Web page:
Tokyo Idols (2017) Dir: Kyoko Miyake

Tokyo Idols    Tokyo Idols Film Poster

Running Time: 89 mins

Director:  Kyoko Miyake

Writer: Kyoko Miyake (Screenplay),

Starring: N/A

Website IMDB

Many people will be aware of the glitzy and glamorous world of idols which is slowly but surely encroaching on mainstream life due to its increasing ubiquity thanks to the money it makes and the fact the culture is cultivated and energised online. There are many opinions on how innocent it is as unbelievably cute females have their innocence and erotic potential fetishised for profits by record labels but what is the reality?

Tokyo Idols is a documentary by Kyoko Miyake, a Japanese filmmaker based in London. She studied history at Tokyo University before studying the history of witchcraft at Oxford University. Miyake has stated in interviews (Women and Hollywood, for example) that her film is an exploration idol culture which offers a critique of the disconnect between men and women. Partly inspired by her own experiences as a woman growing up in Japan where refusing to be a cute girl was seen as an act of defiance, and her recent awareness of idol culture and its obsession with young female sexuality, Miyake covers a lot of ground as she analyses profound issues through the lens of the idol industry.

Miyake gives a platform to a plethora of idols, fans, music producers, parents, children, and cultural commentators to ensure the film has a choir of voices which she carefully orchestrates into harmonies and dissonances, forming a polemic that forms around an energetic lead vocal in the form of Rio (website), an idol on the verge of greatness (and her twenties when the filming begins in 2015).

Tokyo Idols Rio

We see her career from mid-tier idol with a dedicated fan-base following her on the underground idol circuit, all the way through to a brighter and glitzier future with the composer/musician Hyadain. From the get-go, her training and motivation set the screen ablaze as she makes her own internet show, performs on stage, creates her own goods and music videos, and converses with fans live and over the internet. She shows an industriousness that is awe-inspiring and her passion is reflected by her fans such as Koji, 43, a salaryman who went from listening to western music like U2 and Bryan Adams to leading The RioRio Brothers – Rio fans who show up at every concert to RIO RIO RIOt.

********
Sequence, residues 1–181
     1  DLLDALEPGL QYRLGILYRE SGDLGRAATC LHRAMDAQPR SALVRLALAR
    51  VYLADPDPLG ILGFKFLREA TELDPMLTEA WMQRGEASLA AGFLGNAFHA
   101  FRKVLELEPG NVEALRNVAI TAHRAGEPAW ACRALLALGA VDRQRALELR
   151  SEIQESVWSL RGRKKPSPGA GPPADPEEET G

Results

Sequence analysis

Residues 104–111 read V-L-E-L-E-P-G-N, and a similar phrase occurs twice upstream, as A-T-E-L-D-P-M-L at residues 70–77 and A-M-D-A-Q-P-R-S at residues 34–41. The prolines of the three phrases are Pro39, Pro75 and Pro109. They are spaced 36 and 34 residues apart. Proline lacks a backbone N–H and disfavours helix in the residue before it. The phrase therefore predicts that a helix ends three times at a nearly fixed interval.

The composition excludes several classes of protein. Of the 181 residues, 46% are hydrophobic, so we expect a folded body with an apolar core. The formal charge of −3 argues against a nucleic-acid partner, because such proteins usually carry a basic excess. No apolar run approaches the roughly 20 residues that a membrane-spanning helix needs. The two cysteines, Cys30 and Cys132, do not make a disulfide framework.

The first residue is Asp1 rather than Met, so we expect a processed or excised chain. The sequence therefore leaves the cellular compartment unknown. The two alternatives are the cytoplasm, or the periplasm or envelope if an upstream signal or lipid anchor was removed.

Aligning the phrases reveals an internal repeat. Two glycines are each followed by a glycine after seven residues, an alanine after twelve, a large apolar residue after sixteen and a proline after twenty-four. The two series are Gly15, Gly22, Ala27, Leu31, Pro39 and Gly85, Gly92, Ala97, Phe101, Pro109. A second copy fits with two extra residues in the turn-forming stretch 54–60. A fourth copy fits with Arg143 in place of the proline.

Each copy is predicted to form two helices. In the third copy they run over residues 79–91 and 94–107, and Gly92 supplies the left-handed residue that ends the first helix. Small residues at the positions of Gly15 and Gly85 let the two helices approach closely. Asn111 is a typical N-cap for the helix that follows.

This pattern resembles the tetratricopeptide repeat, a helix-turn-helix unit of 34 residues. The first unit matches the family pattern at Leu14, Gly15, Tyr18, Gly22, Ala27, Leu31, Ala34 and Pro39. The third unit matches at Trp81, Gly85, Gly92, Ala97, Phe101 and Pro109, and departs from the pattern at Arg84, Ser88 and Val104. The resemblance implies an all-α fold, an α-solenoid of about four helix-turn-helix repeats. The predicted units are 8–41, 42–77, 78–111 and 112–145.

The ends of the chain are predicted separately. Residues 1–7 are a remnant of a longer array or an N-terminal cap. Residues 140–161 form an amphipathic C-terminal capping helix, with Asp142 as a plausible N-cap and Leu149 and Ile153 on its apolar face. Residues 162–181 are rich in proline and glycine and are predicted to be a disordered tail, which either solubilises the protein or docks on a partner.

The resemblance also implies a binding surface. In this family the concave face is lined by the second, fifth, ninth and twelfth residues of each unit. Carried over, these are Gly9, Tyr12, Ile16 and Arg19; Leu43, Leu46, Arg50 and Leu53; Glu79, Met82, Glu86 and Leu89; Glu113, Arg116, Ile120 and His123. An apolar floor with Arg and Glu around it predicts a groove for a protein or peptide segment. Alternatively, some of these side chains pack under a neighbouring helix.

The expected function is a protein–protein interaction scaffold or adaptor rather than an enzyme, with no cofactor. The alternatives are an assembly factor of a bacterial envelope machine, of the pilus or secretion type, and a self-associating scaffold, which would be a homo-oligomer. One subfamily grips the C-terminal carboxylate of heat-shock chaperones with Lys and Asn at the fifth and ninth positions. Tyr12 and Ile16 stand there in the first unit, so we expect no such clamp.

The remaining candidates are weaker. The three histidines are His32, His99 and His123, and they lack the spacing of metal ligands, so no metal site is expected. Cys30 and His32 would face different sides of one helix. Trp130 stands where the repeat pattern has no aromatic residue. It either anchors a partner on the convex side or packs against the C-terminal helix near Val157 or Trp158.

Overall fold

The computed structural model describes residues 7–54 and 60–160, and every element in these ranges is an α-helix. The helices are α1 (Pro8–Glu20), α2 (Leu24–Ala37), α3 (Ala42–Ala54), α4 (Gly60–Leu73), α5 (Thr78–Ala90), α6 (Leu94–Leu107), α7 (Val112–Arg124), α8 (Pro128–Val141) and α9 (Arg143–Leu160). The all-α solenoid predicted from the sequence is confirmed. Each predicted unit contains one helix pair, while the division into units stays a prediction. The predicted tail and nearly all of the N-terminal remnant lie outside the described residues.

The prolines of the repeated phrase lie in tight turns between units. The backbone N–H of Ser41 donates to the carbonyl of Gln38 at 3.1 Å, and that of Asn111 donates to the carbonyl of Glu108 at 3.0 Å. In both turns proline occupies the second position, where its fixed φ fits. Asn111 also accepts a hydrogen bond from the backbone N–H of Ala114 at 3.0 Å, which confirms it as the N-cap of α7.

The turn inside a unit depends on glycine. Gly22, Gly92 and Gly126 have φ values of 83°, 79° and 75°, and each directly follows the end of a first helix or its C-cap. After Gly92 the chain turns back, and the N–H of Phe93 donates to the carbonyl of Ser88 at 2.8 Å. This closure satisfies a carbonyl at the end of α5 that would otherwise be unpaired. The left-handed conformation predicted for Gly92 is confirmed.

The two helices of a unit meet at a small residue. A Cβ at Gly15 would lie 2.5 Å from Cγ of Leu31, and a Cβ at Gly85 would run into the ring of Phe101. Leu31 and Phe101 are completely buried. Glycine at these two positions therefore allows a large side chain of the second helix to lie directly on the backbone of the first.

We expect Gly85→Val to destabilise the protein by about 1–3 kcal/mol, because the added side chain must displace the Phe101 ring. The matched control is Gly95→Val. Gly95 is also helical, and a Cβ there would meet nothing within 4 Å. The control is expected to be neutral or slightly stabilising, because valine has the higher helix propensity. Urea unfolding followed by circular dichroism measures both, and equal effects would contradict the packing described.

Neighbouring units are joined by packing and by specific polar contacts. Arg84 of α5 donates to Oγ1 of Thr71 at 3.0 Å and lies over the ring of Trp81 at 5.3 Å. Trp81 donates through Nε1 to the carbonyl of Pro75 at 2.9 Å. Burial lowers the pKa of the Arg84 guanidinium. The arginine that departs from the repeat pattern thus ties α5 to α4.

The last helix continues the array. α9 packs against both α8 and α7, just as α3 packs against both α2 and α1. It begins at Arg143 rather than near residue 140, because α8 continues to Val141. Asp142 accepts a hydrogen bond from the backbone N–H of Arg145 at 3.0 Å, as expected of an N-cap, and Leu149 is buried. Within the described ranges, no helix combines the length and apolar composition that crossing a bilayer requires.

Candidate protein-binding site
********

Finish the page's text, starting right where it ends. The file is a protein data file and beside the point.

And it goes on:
His story is a sad song that other male idol fans in this film echo. He was jilted by someone just before marriage and now, glow sticks in hand, he rocks out with other mostly middle-aged men (and a few women) to the pop tunes of Rio where he finds comfort in the solidarity of fandom and the kindness of Rio herself as she amenably presents a cute and caring facade and fawns over her fans. Not only that, he acts as an organiser of Rio’s fans, a loyal supporter who shows up at every live event, and appears in her music videos. There are other, more alarming examples Miyake unearths but the recurring message she paints is real women were hard for the fans to deal with so they chose the convenience of idols who they have some control over through financial backing.